Bolivia: ‘People’s Summit’ to challenge rich nations on climate
20 February 2010
Bolivia’s foreign minister David Choquehuanca said on February 8 that Bolivia is very concerned about the inadequacy of the greenhouse gas reduction commitments made by developed countries in the Copenhagen Accord at the United Nations climate summit in December, http://www.pwccc.wordpress.com/ said.
Speaking alongside representatives from campesino (peasant) and indigenous organisations, Choquehuanca said: “The commitments, of the developed states, related to greenhouse gas emission reductions will result in more than three degrees increase in temperature above pre-industrial levels.
“Some experts even say that the temperature could rise as high as four degrees above pre-industrial levels. The situation is serious. “An increase of temperature of more than one degree above pre-industrial levels would result in the disappearance of our glaciers in the Andes, and the flooding of various islands and coastal zones.”
Choquehuanca said Bolivia’s demand at the Copenhagen conference was that the greenhouse gas emissions must be reduced by 40% or more below 1990 levels by 2020. But the emissions reduction targets in the Copenhagen Accord of the countries that have been historically responsible for global warming only amount to 12% to 18 % by 2020.
He said what happened at Copenhagen reinforced the need for the People’s World Conference on Climate Change and Mother Earth Rights, which is being organised by the Bolivian government in Cochabamba over April 19-22.
“This conference will be a transparent and inclusive event, in which no one will be marginalised. The conference will be attended by citizens, social movements, scientists. “We have also been inviting all the governments and the organisations within the United Nations to participate as delegates and experts to discuss along with the peoples how to address the crisis that affects us all.”
Announcing the objectives of the summit, Bolivian President Evo Morales, the first president from Bolivia’s indigenous majority, said it was clear the so-called developed countries of the world have usurped the bounties of Mother Earth at the expense of the world’s poorest people, a February article on Bolivia Rising reported.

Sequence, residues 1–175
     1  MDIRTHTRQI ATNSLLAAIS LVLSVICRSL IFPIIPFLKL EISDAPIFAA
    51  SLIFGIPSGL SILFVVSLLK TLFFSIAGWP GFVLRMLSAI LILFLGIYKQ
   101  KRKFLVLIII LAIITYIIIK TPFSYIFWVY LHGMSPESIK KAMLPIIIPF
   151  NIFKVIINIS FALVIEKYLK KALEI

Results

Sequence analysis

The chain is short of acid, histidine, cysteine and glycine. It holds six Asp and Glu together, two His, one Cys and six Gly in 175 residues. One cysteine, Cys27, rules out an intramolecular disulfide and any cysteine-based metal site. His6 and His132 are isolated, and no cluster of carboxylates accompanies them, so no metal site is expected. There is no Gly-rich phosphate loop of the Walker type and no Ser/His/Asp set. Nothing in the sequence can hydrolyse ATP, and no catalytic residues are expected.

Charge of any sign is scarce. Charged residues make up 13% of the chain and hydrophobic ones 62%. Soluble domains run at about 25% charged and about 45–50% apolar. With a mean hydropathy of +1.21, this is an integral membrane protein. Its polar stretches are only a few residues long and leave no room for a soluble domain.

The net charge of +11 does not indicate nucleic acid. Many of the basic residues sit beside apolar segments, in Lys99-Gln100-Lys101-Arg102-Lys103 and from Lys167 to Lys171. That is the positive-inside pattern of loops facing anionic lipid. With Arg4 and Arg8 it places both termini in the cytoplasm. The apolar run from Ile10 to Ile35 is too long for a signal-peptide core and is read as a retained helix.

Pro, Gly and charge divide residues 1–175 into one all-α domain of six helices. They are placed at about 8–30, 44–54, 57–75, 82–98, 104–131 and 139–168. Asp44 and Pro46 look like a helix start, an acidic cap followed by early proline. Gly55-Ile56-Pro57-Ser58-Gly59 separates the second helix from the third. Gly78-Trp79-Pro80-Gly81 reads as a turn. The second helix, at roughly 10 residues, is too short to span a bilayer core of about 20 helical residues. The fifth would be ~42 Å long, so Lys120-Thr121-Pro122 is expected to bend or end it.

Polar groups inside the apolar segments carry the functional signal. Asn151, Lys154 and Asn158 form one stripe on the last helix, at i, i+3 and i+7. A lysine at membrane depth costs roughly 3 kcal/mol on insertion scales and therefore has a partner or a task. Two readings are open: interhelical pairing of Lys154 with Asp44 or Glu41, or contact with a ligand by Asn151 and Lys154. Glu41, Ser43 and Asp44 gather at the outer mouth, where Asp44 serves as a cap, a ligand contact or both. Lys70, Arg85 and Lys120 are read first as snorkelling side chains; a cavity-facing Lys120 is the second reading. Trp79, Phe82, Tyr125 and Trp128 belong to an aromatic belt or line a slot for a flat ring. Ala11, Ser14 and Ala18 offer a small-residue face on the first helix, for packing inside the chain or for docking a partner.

Morales said: “Those most affected by climate change will be the poorest in the world who will see their homes and their sources of survival destroyed, and who will be forced to migrate and seek refuge.”
He pointed out that 75% of historic emissions of greenhouse gases came from “the countries of the North that followed a path of irrational industrialisation”.
He said the Copenhagen conference showed the failure of the industrialised countries to recognise their climate debt.
Morales said: "Climate change is a product of the capitalist system."
The aims of the People’s Conference include: to discuss and agree on the Universal Declaration of Mother Earth Rights; develop proposals for new international agreements; to develop a plan for the holding of an international Climate Justice Tribunal; and define strategies and plans for action and mobilisations for action on climate change.
Bolivia Rising said parliamentarians from the European United Left and the Nordic United Left proposed a resolution in European parliament that “welcomes the initiative” taken by Morales in calling the conference.
It urged "the Commission, the Member states, the European Parliament and the ACP-EU Joint Parliamentary Assembly to send representatives to this important event”.
The Bolivian government expects around 5000 people from around the world to go to Cochabamba and take part in the conference, Associated Press said on February 8.